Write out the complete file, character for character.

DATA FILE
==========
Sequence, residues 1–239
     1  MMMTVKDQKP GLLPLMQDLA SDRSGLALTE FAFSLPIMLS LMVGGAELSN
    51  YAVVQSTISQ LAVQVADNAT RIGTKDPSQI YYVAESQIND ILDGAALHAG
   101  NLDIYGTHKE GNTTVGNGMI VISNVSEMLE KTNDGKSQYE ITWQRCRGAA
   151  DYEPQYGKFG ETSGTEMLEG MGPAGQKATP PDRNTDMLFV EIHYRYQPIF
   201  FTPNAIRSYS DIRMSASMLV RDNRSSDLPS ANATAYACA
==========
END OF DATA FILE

Sequence, residues 1–239
     1  MMMTVKDQKP GLLPLMQDLA SDRSGLALTE FAFSLPIMLS LMVGGAELSN
    51  YAVVQSTISQ LAVQVADNAT RIGTKDPSQI YYVAESQIND ILDGAALHAG
   101  NLDIYGTHKE GNTTVGNGMI VISNVSEMLE KTNDGKSQYE ITWQRCRGAA
   151  DYEPQYGKFG ETSGTEMLEG MGPAGQKATP PDRNTDMLFV EIHYRYQPIF
   201  FTPNAIRSYS DIRMSASMLV RDNRSSDLPS ANATAYACA